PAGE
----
- In an article and podcast, The Hechinger Report shares the story of Jennifer Vetter, who changed careers to become a special education teacher and then returned to her former career in the healthcare field because of low teacher pay in Arizona.
- Vetter said after deductions for health care, pensions and taxes, she was taking home about $300 a week, and that many of her colleagues were working second and third jobs to remain in the middle class.
- Struggles such as this have caused teachers in many states to strike over the course of the past year, and teachers in more states may strike in the year to come.
The issue of teacher pay is a complex one that has given rise to multiple protests in recent months. While the issue at first appears to be a matter of states simply allocating more money to teachers, it's often not so simple because of administrative decisions by district leaders. Some states also have lower fiscal capacity and lower costs of living, which affect comparisons with other states. Overall, teacher salaries have remained stagnant or have dropped in many states over the past few years, though the reason for this may also have to do with changing teacher demographics.
Another issue is the take-home pay, a factor mentioned in The Hechinger Report's article. Rising health care benefit and pension costs account for much of this. According to an analysis by Chad Aldeman, editor of Teacherpensions.org, teachers’ pay has risen an average of 1.4% a year nationwide over the past 10 years, but health insurance costs have risen 4%, and retirement costs have risen 7.8% annually during the same period. Because of this, a recent study by the nonprofit Education Resource Strategies (ERS) has suggested a restructuring of teacher pay as one way to put more money in the hands of teachers.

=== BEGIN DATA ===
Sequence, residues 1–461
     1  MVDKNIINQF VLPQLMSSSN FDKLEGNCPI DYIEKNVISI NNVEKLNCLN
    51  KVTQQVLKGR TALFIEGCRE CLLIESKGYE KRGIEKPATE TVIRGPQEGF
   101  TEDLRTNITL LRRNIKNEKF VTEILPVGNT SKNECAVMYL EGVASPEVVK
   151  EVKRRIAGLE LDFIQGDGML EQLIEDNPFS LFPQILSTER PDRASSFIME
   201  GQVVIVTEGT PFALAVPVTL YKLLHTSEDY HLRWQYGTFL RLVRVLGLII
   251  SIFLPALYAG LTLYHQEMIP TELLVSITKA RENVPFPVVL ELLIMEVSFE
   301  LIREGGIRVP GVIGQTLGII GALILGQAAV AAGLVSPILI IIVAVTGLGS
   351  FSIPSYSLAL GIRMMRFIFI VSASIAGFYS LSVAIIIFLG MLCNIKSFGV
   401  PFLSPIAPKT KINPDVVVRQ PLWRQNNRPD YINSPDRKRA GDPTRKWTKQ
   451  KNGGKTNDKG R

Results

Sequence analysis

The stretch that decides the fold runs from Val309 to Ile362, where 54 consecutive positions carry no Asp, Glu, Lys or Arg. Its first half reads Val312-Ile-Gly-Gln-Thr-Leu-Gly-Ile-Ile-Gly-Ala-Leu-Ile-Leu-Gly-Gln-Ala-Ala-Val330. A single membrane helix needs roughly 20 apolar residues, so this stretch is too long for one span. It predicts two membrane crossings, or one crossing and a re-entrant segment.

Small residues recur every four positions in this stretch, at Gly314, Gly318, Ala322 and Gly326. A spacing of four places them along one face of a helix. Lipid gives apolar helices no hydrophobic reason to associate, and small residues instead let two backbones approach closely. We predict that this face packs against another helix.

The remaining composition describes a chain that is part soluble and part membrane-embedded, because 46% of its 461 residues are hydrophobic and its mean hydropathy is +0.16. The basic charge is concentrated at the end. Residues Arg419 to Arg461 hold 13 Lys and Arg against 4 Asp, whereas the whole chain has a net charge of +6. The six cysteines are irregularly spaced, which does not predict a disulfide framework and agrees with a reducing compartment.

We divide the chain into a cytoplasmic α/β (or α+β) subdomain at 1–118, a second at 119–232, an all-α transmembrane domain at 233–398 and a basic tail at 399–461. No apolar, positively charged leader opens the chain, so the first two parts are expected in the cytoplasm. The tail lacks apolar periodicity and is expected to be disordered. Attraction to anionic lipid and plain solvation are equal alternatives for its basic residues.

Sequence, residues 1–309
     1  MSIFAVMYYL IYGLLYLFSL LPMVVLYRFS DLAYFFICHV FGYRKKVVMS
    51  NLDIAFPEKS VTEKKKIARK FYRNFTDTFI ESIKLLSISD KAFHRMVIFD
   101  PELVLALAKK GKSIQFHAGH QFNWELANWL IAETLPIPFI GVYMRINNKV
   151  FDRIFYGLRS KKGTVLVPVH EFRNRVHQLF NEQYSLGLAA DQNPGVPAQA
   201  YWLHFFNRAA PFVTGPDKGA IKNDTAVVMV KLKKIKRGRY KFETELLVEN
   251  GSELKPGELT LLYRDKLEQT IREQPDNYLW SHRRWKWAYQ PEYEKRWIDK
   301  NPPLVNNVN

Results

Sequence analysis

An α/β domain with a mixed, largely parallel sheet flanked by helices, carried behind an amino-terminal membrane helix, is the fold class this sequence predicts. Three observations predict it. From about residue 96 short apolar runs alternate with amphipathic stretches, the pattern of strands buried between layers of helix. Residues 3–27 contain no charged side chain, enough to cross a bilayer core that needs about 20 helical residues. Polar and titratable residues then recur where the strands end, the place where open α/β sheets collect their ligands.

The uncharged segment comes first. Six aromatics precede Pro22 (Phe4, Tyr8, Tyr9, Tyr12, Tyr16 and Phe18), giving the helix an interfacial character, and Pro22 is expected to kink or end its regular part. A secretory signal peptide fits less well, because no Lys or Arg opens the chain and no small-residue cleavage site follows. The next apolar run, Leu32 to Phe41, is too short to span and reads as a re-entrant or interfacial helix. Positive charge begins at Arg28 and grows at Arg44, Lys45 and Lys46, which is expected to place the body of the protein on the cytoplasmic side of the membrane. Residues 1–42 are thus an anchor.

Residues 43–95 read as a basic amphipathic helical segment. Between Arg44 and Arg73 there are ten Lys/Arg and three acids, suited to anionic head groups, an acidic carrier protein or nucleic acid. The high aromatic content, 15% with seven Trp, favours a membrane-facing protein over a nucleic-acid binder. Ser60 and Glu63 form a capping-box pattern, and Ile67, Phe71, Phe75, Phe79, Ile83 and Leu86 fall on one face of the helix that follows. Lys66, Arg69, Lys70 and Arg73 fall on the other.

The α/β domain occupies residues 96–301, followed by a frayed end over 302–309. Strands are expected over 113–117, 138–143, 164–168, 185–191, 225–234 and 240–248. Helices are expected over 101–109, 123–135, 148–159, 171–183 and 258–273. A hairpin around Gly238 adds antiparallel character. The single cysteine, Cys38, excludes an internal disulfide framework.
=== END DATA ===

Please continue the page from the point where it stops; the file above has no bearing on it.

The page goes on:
However, teacher pay isn't the only issue affecting teacher strikes. Some teachers feel an erosion of respect along with the erosion of pay. School administrators can help the situation by doing what they can to reclaim the level of respect for the profession and changing school culture to a more supportive environment. In states where teacher protests are threatened, administrators need to plan ahead for ways to deal with the fallout as more teachers stopped working due to strikes last year than in any year since 1993, affecting instruction and exam preparation. In situations where money is at the discretion of administrators, they need to also make sure that teachers are getting their fair share of state allocations.